I think anyone who wants to understand making the realities of making medical decisions needs to understand the cases in this book. No simple answers here, and that's the point.
I'm deeply into the fields of shared decision making and patient autonomy, from the patient's perspective and as co-chair of the Society for Participatory Medicine. This isn't a lightweight book - the issues and cases presented are serious and thought provoking, at times heart-breaking - but it's highly readable and, as with Groopman's other books I've read (Anatomy of Hope, How Doctors Think), eminently understandable.
I like that he's joined here by his wife, also an MD, and that they start by sharing their own different preferences in decision making, arising out of their different upbringings.
They present principles and challenges, and then illustrate them with cases. Each is presented as it unfolded in reality, with no certainty about how things would go - because that's how it is in real time, for both the physician and the patient. (Any physician who asserts certainty is either blowing smoke, or lying, or misguided in his/her own sureness, because *nothing* is absolutely certain.)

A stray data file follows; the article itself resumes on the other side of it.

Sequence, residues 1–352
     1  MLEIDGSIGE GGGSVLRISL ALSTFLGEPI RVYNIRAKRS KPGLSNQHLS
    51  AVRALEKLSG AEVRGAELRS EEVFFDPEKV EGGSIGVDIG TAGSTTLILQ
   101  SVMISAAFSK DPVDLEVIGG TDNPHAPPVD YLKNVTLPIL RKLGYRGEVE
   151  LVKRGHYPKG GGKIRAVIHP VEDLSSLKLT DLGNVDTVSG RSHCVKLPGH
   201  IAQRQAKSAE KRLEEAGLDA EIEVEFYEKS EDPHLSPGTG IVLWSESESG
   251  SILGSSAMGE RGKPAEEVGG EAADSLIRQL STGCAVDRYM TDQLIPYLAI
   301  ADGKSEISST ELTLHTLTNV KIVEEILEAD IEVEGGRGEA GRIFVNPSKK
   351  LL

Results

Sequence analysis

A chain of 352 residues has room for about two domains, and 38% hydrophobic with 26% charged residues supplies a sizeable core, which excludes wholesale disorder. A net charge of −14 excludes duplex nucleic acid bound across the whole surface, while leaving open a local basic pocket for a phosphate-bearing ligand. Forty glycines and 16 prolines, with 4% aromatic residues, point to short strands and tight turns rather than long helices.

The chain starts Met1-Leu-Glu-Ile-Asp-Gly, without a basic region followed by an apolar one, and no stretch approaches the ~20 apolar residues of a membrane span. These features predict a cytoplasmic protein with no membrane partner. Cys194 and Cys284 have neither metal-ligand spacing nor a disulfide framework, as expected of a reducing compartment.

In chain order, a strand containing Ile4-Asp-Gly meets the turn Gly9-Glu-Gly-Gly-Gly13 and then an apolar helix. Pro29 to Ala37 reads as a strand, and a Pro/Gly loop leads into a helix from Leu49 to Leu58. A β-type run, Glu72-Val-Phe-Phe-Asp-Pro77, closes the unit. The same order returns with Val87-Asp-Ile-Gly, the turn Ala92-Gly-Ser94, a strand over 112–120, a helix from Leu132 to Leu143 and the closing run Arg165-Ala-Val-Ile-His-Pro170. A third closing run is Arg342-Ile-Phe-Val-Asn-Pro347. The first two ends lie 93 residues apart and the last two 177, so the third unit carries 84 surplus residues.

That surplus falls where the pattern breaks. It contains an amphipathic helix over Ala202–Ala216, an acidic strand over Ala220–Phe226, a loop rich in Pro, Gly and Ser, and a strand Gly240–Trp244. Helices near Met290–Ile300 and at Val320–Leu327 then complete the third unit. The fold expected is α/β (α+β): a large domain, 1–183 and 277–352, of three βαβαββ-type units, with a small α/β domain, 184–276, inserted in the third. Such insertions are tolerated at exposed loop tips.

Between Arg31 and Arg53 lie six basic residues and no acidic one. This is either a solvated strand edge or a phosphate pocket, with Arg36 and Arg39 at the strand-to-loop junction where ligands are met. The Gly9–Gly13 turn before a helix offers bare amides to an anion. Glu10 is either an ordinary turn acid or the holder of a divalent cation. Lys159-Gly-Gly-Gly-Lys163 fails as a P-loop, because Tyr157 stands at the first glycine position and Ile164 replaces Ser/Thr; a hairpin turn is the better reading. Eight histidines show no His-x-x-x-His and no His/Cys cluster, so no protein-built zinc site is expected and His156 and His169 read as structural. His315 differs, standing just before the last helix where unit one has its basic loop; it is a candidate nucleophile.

At times I picked up what seemed to be signals that not every doctor who urges you to do something may be acting with *your* interests as the #1 priority. That can add to the reality of the uncertainty you face. But even in the best of circumstances, as you face decisions and plan for your own end of life, you just don't know, and it's best for all to understand this as part of the fabric of life.
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